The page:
That lining up against the other team's starting pitchers doesn't exist, or at the very least, it doesn't last very long. Teams have different off-days and different theories on how to handle them. In David Price's second start last year he faced the Rangers' 5th starter.

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      • Gus says:

        With rain and snow postponements and all kinds of off days, everybody's April rotation gets messed with. The idea is to win the games, starting with Game 1. If Archer is the guy (and he clearly is among the remaining guys), then you start him. If the Rays get some rainouts, then they should keep pitching Archer every 5th day and juggle the back end. Especially with a new regime.

        Giardi is doing damage control with his high priced veteran.

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    • Dave L says:

      The Rays have always jiggered their rotation to match up depending on the opponent firstly and the opposing SP to a lesser degree.

      I broke down the Rays pitching matchups late in the year a few years ago and they made sure Price and Shields (almost always) faced our 2 main division rivals at the time and the Rangers. On the other hand the call ups were usually brought in to face NL teams or bottom feeding AL Teams. That was during a time of relative Rays SP healthiness.

      We open against Baltimore, they are a division rival in 2015. They dont really have an ace thier top 3 or 4 SP are about the same. With Davis and Schoop the only lefty threats 3 RHP will be fine and as long as 2 are Archer and Odorizzi thats the best we can do. The 'B' team will face the Marlins.

      Do we have a healthy southpaw starter at this time anyway? We usually had 2 which was a big advantage.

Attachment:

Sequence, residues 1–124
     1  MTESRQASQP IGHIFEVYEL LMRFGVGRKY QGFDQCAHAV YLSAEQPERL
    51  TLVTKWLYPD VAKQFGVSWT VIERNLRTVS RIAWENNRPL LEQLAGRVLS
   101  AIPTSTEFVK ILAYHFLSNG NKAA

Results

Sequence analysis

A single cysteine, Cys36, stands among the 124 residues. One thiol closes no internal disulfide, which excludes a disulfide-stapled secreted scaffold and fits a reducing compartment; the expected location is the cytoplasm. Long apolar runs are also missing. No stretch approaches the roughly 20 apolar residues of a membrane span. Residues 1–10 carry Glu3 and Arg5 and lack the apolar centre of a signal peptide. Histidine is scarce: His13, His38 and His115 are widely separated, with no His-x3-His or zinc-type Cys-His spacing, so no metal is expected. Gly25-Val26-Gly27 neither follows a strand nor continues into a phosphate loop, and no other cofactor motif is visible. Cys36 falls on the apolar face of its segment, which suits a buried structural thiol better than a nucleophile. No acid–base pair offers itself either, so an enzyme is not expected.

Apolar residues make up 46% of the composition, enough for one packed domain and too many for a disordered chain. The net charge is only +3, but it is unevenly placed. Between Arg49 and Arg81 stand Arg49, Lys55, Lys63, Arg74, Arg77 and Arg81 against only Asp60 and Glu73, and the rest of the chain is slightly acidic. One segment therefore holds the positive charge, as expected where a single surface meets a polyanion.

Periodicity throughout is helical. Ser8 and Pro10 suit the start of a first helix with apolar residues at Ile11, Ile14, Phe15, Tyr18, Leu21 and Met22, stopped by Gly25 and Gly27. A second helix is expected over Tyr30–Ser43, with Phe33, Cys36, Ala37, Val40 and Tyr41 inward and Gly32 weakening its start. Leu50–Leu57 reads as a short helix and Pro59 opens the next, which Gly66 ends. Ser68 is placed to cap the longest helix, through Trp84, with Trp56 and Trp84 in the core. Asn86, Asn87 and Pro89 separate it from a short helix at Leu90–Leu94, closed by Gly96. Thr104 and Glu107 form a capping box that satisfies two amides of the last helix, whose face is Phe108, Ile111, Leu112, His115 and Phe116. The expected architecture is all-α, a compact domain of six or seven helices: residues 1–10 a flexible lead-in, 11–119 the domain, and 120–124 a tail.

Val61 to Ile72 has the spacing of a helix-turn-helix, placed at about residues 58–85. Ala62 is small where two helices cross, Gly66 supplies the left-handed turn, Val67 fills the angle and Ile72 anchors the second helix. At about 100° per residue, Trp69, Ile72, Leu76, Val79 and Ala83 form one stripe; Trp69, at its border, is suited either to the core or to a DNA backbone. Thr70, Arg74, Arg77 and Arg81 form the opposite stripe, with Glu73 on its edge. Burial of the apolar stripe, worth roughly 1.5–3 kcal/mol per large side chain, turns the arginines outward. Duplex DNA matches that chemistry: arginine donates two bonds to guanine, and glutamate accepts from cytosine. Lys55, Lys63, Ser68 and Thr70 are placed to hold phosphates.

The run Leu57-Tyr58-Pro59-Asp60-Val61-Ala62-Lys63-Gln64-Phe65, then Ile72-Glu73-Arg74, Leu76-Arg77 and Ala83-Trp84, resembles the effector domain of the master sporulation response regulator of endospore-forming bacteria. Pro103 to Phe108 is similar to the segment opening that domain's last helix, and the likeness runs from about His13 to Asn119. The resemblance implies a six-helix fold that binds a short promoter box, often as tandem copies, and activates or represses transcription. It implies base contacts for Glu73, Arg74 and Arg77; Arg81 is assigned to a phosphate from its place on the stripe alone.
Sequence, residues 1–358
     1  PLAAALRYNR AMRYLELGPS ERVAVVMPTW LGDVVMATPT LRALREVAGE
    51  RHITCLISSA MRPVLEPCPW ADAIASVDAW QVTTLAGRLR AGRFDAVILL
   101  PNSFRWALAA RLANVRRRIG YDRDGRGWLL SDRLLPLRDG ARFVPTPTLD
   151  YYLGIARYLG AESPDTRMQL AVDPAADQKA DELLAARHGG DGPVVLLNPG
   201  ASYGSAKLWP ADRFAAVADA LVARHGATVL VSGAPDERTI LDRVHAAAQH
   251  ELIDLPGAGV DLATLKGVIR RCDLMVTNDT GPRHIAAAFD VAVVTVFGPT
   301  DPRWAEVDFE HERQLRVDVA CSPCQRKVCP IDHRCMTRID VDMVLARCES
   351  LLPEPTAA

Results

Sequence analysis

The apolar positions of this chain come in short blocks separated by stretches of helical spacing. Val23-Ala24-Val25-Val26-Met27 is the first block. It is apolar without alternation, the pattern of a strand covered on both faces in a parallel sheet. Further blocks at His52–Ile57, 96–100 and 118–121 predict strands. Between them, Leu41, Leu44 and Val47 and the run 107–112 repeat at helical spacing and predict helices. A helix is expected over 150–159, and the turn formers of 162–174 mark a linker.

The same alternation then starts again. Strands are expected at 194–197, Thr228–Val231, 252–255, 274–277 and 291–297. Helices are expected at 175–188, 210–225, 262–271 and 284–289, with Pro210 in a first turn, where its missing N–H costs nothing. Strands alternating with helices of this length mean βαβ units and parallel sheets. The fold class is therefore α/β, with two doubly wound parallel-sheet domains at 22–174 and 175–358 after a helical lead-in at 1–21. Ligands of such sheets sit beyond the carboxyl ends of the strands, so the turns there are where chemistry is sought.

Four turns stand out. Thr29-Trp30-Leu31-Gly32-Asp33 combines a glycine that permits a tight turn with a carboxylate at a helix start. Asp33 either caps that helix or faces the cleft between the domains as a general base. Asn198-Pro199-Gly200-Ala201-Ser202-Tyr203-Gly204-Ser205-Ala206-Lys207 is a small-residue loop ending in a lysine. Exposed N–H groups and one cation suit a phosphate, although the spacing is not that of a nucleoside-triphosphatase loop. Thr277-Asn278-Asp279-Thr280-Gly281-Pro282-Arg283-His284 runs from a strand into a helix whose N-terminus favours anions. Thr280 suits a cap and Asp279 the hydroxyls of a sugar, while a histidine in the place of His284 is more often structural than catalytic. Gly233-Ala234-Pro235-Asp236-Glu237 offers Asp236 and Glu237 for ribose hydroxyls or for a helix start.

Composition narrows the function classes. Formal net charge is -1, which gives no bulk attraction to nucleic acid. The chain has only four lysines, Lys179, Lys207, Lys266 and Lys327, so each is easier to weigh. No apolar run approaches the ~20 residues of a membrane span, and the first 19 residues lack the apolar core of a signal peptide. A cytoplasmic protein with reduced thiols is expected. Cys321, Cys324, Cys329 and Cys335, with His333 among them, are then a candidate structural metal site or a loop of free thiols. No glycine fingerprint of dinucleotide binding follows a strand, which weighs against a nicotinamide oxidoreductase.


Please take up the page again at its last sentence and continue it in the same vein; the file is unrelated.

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  4. Mr. Smith 1980 says:

    Tanaka is a better pitcher than CC right now, so Girardi is just using the "I don't wanna shuffle it just for the sake of shuffling it" line so that CC doesn't get upset.

    You can keep beating the "opening day starter doesn't matter" drum for the rest of training, but the pomp and circumstance that surround opening day are undeniable.
    Having an emotional pitcher, who happens to be the best pitcher available, make an emotional start is the smart move. Much smarter than putting a middle of the rotation guy out there with saucer-sized eyes and butterflies, and who feels like he's gonna puke all over the mound just because 3 weeks before the season he was on schedule to pitch that day.

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  5. RaysBoson says:

    Why is everyone talking about Rays pitching ? Does anyone doubt they will find ways to make young starters successful ? Does anyone question their ability to put together a top notch bullpen ? No reason to question either of those things.

    Why they will fail is the same old weakness. They are 30th in Spring Training for both Avg and OBP and 29th in runs. Yet no one is mentioning this. Longo was hitting for a few games. He has dropped .120 points or so in the last few games. Heck, even a significant chuck the runs we have scored seemed to come at the end of games from players who won't make the lineup. Jennings is the only one who looks like he made some adjustments in the off season.

    Shelton School of Hitting, we make it easy as 1-2-3. The lack of plate IQ is still alarming. The other day the opposing pitcher had thrown 9 straight balls, the 9th of which was a wild pitch. The Rays hitter swung and missed at the next three pitches. Why are we swinging at that point ? After 9 straight, most intelligent hitters are thinking about taking 2. We strand runners on second and third with no outs. Sound familiar ? Long season ahead.

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    • Dave L says: